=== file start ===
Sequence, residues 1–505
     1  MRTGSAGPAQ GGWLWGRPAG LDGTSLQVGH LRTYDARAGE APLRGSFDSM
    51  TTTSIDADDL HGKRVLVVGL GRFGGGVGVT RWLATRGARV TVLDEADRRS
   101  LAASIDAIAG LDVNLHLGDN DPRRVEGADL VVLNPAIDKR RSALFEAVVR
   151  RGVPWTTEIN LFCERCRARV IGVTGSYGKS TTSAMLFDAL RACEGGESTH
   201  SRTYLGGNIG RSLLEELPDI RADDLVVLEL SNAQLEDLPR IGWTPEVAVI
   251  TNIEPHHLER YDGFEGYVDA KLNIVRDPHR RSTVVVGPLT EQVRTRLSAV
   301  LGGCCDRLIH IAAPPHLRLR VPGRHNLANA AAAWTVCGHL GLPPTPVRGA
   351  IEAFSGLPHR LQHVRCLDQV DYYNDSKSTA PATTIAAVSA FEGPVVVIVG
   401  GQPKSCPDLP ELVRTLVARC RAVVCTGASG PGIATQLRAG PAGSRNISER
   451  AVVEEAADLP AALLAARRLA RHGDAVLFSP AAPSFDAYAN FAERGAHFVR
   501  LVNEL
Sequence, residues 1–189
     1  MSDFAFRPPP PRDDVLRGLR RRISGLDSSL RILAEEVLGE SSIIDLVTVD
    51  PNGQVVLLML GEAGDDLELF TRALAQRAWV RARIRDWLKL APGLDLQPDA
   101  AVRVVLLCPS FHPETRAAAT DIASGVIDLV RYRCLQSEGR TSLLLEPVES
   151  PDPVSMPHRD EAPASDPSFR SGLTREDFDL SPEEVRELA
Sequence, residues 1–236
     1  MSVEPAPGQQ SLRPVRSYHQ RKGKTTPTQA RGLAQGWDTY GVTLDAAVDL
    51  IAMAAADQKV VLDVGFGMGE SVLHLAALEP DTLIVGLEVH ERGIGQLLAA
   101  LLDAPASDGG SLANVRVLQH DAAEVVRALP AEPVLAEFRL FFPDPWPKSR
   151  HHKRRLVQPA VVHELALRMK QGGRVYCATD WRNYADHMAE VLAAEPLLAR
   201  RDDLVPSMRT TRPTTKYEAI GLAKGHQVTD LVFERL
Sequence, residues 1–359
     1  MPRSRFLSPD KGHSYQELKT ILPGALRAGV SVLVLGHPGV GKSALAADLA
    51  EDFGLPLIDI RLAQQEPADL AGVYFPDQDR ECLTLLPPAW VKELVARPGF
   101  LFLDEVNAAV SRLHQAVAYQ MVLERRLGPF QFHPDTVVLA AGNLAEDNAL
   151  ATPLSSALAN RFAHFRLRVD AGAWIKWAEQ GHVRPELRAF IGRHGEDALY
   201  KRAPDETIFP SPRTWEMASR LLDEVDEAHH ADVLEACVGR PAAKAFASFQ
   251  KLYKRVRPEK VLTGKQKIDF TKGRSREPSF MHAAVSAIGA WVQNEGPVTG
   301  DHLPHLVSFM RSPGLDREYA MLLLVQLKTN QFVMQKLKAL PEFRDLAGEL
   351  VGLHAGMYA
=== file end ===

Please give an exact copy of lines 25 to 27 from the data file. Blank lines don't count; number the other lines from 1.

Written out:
     1  MPRSRFLSPD KGHSYQELKT ILPGALRAGV SVLVLGHPGV GKSALAADLA
    51  EDFGLPLIDI RLAQQEPADL AGVYFPDQDR ECLTLLPPAW VKELVARPGF
   101  LFLDEVNAAV SRLHQAVAYQ MVLERRLGPF QFHPDTVVLA AGNLAEDNAL